Basketball games appeal to our nostalgia with retro content such as historical teams, but old hoops games themselves also hold a certain appeal. It’s fair to say that many of us are nostalgic for the titles we grew up playing; I know I am, which is why I enjoy producing my weekly Wayback Wednesday feature. We also hold up the best releases from yesteryear as a benchmark for new games, which isn’t necessarily a bad thing. After all, we do want to see basketball games continue to improve, especially when it comes to the annual releases. However, it is possible to get caught up in nostalgia, judging new games unfairly and exaggerating the quality of older titles.

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Monday Tip-Off: Matchmaking & Microtransactions

NLSC GrindTime in The Playground (NBA 2K18)

We’re at midcourt, and the ball is about to go up…it’s Monday Tip-Off! Start your week here at the NLSC with a feature that’s dedicated to opinions, commentary, and other fun stuff related to NBA Live, NBA 2K, and other basketball video games. This week, I’m tipping things off with a few thoughts on two very important areas in NBA 2K19: matchmaking and microtransactions.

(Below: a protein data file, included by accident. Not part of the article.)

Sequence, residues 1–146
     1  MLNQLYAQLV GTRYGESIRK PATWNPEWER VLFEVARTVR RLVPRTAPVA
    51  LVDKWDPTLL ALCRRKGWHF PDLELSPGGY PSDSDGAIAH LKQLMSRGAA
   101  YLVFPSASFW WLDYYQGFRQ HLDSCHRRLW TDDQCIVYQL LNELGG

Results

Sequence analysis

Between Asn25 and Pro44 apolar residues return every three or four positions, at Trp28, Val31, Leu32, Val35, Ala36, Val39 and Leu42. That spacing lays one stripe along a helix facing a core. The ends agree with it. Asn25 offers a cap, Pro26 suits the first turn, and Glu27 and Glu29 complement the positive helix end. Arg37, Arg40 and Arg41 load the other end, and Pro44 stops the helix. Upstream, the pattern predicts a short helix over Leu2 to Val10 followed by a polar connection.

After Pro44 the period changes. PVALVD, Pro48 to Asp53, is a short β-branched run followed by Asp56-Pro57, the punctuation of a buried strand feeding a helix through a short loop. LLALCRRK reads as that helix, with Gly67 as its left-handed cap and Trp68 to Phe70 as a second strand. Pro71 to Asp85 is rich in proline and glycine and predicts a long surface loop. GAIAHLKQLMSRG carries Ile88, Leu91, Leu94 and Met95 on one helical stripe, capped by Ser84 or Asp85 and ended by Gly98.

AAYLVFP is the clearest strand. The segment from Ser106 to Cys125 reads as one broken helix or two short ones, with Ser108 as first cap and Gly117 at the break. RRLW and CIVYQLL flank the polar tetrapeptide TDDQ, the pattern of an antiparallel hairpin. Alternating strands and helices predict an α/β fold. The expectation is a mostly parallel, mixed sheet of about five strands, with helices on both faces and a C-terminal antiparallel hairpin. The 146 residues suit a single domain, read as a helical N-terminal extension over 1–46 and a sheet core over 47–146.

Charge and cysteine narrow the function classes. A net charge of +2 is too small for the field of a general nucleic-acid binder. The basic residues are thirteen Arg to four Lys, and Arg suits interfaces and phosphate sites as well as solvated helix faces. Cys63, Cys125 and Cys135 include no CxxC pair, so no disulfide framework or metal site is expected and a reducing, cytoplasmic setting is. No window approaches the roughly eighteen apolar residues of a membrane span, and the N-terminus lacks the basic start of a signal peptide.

I’ve mentioned matchmaking and microtransactions in previous articles discussing what I feel must be done in future NBA 2K games, and with the preview season more or less underway, it’s time to revisit these issues. Both are aspects that the NBA 2K development team must handle carefully, to ensure that the experience provided by NBA 2K19 is as accessible and as enjoyable as it can be. If the wrong approach is taken, then this year’s game is going to suffer from the same problems as NBA 2K18, with similar backlash. 2K is overdue to show its fanbase some genuine goodwill.

I originally planned to discuss matchmaking and microtransactions separately, but the more I thought about it, the clearer it became that the two issues are closely linked. Their respective shortcomings in last year’s game combined to make its most popular online modes far less inviting and enjoyable than they should’ve been. The lack of in-depth matchmaking made the pay-to-win aspect of microtransactions a much larger issue. Likewise, the impact of microtransactions in NBA 2K18 made the lack of proper matchmaking all the more apparent and problematic. If handled better, they needn’t cause as many problems with the competitive balance in NBA 2K19.

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Monday Tip-Off: The Harsh Reality of the NBA 2K League

NBA 2K League Logo (NBA 2K18)